"But downforce and drag resistance go hand-in-hand. The more downforce you have the more drag you have. Because Monza has such long straights which make up such a large proportion of the lap, you need to run less downforce. That is why the cars are visibly different here they have skinnier wings and fewer elements on the front and rear wings. They look a lot less deep and substantial than at other circuits.
"In simple terms, the car moves around a lot more on a low-downforce track. It is a bit more like driving your road car in the snow - it is much more challenging. You never feel confident that the car has the grip that is there for you around most circuits."
BBC F1 pit-lane reporter Ted Kravitz:
"That's a massive setback for Giancarlo Fisichella. Whereas before that crash he would've expected to get into Q2 quite easily, now getting through Q1 is very much in the balance because he won't have had any opportunity to go through his qualifying runs. Not at all what he would've hoped for."
That seems bound to affect Fisichella's chances in qualifying. He has just not had enough time in the car. Gone to the medical centre now to get the OK from docs. Did nerves get the better of him? Let me know what you think. Hamilton still quickest, then Glock, Alonso, Kovalainen, Sutil, Grosjean...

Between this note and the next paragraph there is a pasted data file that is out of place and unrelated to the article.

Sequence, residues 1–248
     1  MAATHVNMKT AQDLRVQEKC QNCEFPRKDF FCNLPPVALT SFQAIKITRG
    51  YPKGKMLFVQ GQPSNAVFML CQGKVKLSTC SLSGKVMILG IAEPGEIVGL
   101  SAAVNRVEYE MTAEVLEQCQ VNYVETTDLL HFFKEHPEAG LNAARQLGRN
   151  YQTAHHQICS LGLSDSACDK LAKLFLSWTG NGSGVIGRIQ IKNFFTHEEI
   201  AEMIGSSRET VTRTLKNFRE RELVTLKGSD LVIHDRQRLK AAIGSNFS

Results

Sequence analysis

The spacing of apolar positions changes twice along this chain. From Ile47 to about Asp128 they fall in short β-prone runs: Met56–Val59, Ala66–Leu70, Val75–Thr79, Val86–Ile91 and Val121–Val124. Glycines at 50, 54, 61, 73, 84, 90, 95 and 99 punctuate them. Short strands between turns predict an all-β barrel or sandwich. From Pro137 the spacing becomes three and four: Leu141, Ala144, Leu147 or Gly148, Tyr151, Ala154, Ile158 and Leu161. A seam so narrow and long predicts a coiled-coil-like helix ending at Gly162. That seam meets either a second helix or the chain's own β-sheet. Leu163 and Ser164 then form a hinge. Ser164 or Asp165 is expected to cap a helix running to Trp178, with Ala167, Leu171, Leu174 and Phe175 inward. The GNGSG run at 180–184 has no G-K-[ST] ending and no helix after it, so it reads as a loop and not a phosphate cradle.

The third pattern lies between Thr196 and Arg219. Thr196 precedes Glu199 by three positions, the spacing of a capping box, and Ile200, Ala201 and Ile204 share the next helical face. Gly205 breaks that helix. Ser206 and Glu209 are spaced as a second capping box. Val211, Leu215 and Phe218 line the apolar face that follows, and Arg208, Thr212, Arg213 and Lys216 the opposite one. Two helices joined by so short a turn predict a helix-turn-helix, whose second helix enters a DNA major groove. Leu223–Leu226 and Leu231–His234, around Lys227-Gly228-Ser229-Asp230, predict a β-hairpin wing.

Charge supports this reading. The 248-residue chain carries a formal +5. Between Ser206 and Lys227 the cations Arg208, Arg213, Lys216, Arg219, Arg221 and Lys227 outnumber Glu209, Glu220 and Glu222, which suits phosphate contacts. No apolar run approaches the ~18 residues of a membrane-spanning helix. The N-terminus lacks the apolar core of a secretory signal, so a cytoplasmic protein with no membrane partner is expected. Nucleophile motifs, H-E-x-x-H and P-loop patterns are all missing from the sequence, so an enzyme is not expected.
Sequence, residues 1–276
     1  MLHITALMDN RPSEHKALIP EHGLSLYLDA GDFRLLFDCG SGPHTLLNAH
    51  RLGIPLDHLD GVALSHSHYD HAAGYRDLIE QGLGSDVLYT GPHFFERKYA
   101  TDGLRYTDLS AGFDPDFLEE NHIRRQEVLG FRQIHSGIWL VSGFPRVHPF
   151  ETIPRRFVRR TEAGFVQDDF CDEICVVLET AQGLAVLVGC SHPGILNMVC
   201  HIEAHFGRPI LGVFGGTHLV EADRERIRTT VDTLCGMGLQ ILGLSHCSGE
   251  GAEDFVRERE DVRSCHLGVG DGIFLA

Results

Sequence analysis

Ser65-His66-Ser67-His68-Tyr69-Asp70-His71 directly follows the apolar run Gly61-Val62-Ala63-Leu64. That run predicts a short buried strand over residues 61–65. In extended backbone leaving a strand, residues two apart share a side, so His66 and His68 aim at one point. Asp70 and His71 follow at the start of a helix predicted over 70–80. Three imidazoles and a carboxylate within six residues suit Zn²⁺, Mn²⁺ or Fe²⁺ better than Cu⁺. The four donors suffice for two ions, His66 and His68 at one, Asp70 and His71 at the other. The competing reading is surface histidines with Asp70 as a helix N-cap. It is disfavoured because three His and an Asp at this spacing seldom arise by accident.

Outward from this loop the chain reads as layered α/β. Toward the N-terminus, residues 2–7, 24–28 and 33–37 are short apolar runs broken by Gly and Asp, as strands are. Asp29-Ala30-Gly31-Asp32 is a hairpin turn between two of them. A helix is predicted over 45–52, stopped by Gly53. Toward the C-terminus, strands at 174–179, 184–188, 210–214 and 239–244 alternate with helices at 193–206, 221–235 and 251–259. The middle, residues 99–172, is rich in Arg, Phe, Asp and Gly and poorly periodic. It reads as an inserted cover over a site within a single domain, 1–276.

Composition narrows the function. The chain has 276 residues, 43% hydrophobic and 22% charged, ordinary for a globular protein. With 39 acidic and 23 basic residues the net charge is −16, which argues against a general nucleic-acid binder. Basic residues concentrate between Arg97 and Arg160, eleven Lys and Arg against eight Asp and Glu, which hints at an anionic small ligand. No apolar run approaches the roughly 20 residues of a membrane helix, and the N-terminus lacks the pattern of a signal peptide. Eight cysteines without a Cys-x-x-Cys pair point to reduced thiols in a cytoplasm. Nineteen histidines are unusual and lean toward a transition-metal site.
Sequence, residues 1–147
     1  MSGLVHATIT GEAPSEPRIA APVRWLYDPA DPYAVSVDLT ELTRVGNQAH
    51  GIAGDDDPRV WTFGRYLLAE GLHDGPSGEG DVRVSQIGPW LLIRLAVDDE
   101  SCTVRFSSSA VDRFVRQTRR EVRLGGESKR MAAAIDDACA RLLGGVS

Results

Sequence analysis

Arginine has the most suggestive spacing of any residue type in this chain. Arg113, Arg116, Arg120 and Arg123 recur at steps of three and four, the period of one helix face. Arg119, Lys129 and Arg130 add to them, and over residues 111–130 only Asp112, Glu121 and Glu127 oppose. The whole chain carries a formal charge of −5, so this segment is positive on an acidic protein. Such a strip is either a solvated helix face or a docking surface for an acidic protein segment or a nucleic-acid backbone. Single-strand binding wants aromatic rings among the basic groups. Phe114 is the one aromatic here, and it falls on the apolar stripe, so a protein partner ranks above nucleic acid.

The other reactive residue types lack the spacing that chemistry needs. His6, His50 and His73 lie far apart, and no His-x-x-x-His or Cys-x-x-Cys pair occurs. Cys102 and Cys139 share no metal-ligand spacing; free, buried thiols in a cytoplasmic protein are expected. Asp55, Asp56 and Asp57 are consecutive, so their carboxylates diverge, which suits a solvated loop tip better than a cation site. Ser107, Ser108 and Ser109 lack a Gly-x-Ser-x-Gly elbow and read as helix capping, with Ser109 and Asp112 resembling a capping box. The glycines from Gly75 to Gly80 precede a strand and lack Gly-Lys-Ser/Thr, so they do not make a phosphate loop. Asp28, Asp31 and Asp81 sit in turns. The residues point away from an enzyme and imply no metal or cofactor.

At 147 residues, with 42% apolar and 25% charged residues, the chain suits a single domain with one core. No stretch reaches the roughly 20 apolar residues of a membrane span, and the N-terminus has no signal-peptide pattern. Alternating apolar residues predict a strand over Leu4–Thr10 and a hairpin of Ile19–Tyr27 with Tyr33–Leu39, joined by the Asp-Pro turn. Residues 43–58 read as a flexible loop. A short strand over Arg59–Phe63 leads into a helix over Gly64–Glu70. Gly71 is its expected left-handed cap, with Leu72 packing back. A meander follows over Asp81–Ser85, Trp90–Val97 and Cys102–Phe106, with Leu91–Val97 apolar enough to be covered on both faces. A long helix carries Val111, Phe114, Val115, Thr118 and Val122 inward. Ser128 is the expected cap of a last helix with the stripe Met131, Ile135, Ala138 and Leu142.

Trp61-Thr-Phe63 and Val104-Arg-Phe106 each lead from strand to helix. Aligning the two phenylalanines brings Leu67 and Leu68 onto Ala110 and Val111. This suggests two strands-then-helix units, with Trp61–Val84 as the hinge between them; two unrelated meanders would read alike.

Joe in Monmouthshire on 81111
"How much harder will it be next year, especially under braking, carrying 53 laps of fuel with low downforce?"
Fisichella has gone off at Parabolica! That's not good. It's a right-front locking situation, braking too late, as he tries to find the limit of a car he's unfamiliar with. The front-left wheel almost snaps off as he slams into the tyre wall. Drama. The Italian looks sheepish.
Hamilton fastest now. The world champion, gaining between two or three tenths of a second by slipstreaming the car in front, absolutely flying. And he's got that Kers power boost button. Many tipping him for a second win of 2009 this weekend.
BBC F1 pundit Anthony Davidson: